Did you study Psychology at school? If so, how is the subject different at University level?

I originally did want to study psychology in my AS Level year, but schedules conflicted with other subjects that I intended to take at the time. I also received information that high school psychology was beneficial - but not essential - for entering the undergraduate psychology program.

What do you think are the benefits of studying Psychology?

Studying psychology has drastically changed how I function in my immediate environment on a daily basis. For instance, research has shown that we are better learners when we tackle small chunks of information at a time, switching to other tasks when we feel our concentration beginning to wane. I no longer try to read chapters of information in one sitting because I know that my retention for the material will ultimately be poor. Similarly, sleep avoidance has been linked to poorer retention before exams, so I avoid sleep deprivation whenever possible - even though I am currently pursuing a challenging PhD in neuroscience. Ultimately, psychology attempts to counteract "intuitive" but possibly inaccurate beliefs we may have about ourselves in an attempt to improve our overall wellbeing.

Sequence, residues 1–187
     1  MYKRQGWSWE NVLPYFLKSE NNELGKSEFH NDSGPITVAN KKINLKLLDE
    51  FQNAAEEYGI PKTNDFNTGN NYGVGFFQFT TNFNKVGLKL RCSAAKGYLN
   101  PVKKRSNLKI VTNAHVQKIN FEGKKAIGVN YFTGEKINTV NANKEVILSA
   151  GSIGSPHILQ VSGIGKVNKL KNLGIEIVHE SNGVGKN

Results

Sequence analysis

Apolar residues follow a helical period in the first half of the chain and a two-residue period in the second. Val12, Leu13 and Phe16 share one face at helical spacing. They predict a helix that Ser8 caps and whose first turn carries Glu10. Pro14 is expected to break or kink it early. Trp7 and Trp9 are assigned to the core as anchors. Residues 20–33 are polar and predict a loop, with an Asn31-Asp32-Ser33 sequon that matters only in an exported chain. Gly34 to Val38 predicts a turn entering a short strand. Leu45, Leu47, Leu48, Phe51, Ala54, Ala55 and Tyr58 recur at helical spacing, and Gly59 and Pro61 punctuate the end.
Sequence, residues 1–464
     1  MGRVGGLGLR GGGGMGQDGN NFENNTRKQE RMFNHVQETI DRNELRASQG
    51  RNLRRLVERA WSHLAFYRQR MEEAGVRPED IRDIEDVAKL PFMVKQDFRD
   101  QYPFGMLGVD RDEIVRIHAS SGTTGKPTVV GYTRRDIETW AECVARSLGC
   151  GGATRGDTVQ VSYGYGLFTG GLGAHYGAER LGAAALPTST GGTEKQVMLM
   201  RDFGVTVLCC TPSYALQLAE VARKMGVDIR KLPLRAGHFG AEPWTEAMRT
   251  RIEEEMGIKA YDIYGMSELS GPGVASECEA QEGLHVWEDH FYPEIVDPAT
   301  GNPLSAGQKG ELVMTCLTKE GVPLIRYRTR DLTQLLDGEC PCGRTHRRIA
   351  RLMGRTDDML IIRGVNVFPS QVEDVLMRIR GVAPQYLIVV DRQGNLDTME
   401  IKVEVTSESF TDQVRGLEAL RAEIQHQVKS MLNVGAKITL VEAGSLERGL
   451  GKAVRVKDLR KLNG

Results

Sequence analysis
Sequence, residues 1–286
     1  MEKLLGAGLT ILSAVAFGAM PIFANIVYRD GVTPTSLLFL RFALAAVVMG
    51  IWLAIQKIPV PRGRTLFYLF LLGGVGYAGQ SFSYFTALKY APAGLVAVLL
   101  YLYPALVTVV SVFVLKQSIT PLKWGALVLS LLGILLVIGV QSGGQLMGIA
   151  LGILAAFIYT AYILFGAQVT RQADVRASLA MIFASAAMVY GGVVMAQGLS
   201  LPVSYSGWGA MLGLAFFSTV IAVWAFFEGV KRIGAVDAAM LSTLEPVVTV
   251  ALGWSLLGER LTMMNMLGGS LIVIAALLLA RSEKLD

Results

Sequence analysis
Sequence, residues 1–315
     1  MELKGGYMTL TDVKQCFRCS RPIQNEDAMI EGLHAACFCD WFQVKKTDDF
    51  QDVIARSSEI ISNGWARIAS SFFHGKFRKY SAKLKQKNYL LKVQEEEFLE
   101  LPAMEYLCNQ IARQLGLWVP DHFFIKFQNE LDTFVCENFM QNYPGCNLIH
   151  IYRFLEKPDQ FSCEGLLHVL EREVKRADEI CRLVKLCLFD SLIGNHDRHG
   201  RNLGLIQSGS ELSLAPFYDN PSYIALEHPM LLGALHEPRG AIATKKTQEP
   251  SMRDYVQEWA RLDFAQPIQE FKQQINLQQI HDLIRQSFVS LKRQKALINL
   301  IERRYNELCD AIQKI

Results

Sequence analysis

What were some of your favourite/the most interesting things you learnt at university?

Some of the most interesting classes I took within the program focused on the neurobiology of psychological drives that are essential for our survival, such as hunger, thirst, sleep, and reproduction. In later courses, you learn that the bases of these drives tie in closely with behaviours involving addiction, where your brain pays too much attention to the reward factor of a particular thing. For instance, many "junk" foods have the ability to overstimulate centres in your brain that would normally induce a sense of fullness following a meal.